• Sep 11, 1940
    (b.) - ?


An American businessman in the computer industry who was the last Chairman and Chief Executive Officer of Digital Equipment Corporation. He majored in Math and Physics at Texas Tech University and became interested in solid state electronics while in graduate school. He got married and began his career when in 1967 he was offered a job at Texas Instruments in the Semiconductor Research and Development Labs. In 1969 he, along with former employees of Texas Instruments founded Mostek Corporation, where he pioneered the use of ion implantation technology for the manufacture of MOS circuits. Mostek made logic, memory, and microprocessor chips. In 1980, United Technologies Corporation (UTC) acquired Mostek Corporation, and he became Executive Vice President of Semiconductor Operations. In 1985, he joined Digital Equipment Corporation where he served in various executive positions until being appointed as Chief Executive Officer and President in October 1992, replacing founder Ken Olsen. Prior to his appointment, Digital had reported its first quarterly loss ever in 1990 and a net loss for fiscal year 1991. At the time the company had 35 plants around the world which were underutilized. He undertook numerous restructurings, massive layoffs (more than 60,000 people), and plant closings in an effort to remain competitive. In addition to his duties as CEO, he became Board Chairman in 1995. In 1993 Mitsubishi agreed to manufacture Digital's new Alpha 21066. In 1994 Digital sold its Rdb database software operations to Oracle Corporation. Oracle Rdb is a relational database management system (RDBMS) for the Hewlett-Packard OpenVMS operating system. It was originally created by Digital Equipment Corporation (DEC) in 1984 as part of the VMS Information Architecture, intended to be used for data storage and retrieval by high-level languages and/or other DEC products such as DATATRIEVE, RALLY, and TEAMDATA. The original name was Rdb/VMS. The following year Digital and Raytheon formed a multiyear, multimillion-dollar agreement to upgrade the onboard computer of the US Navy's E-2C Hawkeye aircraft. In 1997, Digital sold its printing systems business to Virginia-based GENICOM. That year Digital sued Intel, accusing it of using some of Digital's patented technology to develop the Pentium microprocessor. Intel countersued, accusing Digital of violating 14 Intel patents. To settle the litigation, Digital sold its semiconductor production operations to Intel in 1998. Digital also sold its networking business to Cabletron. After divesting of several businesses, restructurings, and strengthening the Digital's financial position, he announced that the corporate strategy would focus on the Internet in enterprise computing. By the mid-1990s, he had recognized that the consolidation of the computer industry, as the proprietary architectures that Digital previously did well with were now giving way to the standardization of the personal computer (PC), and in terms of scale Digital's annual production of PCs was 1 million units which was one twelfth of the volume of market leader Compaq. In June 1998, Compaq paid approximately $9 billion to acquire Digital. As expected, he stepped down after negotiating the merger. In April 1999, Advanced Micro Devices Inc. (AMD) held its annual general meeting and announced that they had decided to elect him to its Board of Directors. He has served on the Boards of a number of other companies as well, such as SEMATECH, the Semiconductor Industry Association, the Semiconductor Research Corporation, Cicada Semiconductor Inc. and NLine Corporation. He is also on the Board of Trustees of the Cooper Institute for Aerobic Research, a non-profit preventative medicine research and education organization.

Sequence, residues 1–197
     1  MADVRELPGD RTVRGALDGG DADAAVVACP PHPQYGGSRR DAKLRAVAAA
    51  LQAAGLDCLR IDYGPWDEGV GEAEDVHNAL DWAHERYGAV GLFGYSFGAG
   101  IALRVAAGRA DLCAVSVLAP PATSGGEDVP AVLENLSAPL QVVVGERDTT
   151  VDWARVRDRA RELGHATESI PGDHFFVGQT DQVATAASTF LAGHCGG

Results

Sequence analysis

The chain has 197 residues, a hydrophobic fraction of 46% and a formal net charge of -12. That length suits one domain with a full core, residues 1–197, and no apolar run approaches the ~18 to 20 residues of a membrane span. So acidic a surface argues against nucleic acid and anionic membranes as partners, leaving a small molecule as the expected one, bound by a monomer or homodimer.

• Date of Birth:

    Sep 11, 1940
  • Noted For:

    Member of the founding team at Mostek, where he pioneered the use of ion implantation technology for the manufacture of MOS circuits
  • Category of Achievement:

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